What Is Sealed Cover Jurisprudence?
The Supreme Court, in the Media One ban case, has reiterated its intention to examine the legality of governments filing incriminating material in sealed covers without sharing the information with the accused/other party.
- The issue of “sealed cover jurisprudence” came up in the previous hearing on March 15, when the Centre wanted to pass on to the court its internal files regarding the ban in a sealed cover.
Sealed Cover Jurisprudence?
- It is a practice used by the Supreme Court and sometimes lower courts, of asking for or accepting information from government agencies in sealed envelopes that can only be accessed by judges.
- While a specific law does not define the doctrine of sealed cover, the Supreme Court derives its power to use it from Rule 7 of order XIII of the Supreme Court Rules and Section 123 of the Indian Evidence Act of 1872.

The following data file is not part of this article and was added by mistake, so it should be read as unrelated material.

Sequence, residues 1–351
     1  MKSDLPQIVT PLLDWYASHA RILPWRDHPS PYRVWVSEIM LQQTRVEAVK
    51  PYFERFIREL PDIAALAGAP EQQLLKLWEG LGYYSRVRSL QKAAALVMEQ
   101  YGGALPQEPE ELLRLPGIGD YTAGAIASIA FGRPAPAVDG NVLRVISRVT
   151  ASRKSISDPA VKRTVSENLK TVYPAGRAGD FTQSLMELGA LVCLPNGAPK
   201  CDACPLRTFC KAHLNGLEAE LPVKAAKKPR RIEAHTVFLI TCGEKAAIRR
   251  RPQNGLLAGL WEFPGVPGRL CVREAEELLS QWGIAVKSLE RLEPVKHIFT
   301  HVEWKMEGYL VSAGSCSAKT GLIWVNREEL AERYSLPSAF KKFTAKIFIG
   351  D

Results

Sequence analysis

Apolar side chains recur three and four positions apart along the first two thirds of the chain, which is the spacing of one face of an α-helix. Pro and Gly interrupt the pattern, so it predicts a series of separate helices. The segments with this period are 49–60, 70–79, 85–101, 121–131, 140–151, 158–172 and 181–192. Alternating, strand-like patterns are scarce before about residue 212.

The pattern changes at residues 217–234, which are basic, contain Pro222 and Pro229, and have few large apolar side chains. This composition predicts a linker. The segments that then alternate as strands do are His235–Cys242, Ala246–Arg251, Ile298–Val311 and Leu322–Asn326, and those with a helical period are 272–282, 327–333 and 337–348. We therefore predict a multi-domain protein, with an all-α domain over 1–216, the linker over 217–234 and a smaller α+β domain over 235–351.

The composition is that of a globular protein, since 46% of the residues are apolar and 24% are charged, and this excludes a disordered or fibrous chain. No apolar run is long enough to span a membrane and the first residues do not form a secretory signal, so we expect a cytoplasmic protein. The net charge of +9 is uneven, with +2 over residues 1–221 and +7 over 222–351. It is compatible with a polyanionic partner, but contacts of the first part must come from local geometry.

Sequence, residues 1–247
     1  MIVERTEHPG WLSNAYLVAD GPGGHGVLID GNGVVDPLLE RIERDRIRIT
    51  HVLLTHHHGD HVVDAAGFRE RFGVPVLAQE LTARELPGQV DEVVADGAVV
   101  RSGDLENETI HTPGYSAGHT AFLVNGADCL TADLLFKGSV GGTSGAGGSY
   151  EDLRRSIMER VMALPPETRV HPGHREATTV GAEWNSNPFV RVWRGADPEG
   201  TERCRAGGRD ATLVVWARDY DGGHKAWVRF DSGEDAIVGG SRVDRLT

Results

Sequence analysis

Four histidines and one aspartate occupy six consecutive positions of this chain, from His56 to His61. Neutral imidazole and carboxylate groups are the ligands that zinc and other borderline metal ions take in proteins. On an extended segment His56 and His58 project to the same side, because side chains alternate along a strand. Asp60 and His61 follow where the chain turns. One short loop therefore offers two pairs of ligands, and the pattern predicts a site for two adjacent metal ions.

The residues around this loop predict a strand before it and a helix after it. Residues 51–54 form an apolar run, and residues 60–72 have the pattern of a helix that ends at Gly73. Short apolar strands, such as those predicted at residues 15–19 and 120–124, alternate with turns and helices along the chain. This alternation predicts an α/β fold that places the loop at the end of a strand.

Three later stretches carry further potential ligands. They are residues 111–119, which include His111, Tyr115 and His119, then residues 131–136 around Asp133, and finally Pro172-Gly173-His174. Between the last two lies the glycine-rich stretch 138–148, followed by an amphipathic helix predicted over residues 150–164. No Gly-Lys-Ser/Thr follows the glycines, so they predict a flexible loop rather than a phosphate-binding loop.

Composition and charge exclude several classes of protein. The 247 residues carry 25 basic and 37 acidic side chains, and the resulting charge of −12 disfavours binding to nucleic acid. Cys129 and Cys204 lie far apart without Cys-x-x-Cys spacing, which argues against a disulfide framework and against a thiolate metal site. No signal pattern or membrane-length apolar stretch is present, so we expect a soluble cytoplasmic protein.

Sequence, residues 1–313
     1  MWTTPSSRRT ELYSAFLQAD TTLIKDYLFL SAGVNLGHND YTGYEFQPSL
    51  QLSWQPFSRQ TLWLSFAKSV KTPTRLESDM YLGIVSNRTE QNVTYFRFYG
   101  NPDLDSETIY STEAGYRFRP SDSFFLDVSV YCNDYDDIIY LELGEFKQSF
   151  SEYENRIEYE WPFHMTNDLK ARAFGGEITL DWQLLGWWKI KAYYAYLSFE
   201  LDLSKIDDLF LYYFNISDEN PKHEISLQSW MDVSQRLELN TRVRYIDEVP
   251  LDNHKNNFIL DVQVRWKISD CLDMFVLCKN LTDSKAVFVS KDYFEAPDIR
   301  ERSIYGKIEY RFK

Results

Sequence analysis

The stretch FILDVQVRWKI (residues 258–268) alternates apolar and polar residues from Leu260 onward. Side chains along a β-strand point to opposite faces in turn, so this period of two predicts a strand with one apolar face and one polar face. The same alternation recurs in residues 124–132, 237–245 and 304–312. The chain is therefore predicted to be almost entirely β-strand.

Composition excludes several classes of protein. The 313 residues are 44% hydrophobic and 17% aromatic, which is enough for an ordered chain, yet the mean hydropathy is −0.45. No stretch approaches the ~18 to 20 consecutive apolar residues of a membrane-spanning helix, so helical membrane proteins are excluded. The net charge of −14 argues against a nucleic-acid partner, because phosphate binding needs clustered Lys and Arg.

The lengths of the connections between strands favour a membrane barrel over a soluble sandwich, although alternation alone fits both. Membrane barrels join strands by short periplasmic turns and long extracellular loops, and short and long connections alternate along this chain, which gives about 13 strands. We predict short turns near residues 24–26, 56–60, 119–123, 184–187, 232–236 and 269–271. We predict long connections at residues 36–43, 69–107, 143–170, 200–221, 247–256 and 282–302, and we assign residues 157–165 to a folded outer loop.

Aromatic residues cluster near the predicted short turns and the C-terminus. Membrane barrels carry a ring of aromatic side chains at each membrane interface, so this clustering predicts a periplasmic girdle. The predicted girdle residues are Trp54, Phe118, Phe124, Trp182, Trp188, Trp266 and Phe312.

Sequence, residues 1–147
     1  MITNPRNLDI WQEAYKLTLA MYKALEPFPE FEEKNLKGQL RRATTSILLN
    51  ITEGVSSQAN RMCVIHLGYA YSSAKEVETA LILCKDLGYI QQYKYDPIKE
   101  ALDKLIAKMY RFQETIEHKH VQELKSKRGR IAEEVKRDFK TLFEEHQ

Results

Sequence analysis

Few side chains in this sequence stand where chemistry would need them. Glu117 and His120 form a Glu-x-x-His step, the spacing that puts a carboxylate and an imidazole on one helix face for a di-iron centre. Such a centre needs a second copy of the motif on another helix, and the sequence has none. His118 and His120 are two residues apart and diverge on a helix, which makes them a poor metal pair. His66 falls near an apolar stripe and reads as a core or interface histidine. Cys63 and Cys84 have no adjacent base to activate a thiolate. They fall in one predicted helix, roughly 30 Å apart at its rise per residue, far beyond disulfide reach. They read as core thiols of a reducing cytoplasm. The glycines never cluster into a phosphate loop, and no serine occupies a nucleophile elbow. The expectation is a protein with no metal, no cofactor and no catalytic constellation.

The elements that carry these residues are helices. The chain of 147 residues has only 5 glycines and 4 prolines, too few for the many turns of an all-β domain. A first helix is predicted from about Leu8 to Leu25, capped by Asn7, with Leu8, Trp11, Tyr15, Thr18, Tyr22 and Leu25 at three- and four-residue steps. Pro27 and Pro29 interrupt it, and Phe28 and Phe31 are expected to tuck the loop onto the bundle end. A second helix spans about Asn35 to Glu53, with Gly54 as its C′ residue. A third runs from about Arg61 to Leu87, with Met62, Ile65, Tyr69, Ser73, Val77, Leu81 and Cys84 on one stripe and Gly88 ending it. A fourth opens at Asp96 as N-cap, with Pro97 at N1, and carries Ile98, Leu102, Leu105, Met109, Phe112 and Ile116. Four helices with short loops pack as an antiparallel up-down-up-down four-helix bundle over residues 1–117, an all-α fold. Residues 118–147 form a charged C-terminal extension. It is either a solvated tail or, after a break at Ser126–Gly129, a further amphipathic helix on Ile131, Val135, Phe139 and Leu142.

- Rule 7 of order XIII of the Supreme Court Rules: It is stated under the said rule that if the Chief Justice or court directs certain information to be kept under sealed cover or considers it of confidential nature, no party would be allowed access to the contents of such information.
- If the Chief Justice himself orders that the opposite party be allowed to access it.
- It also mentions that information can be kept confidential if its publication is not considered to be in the interest of the public.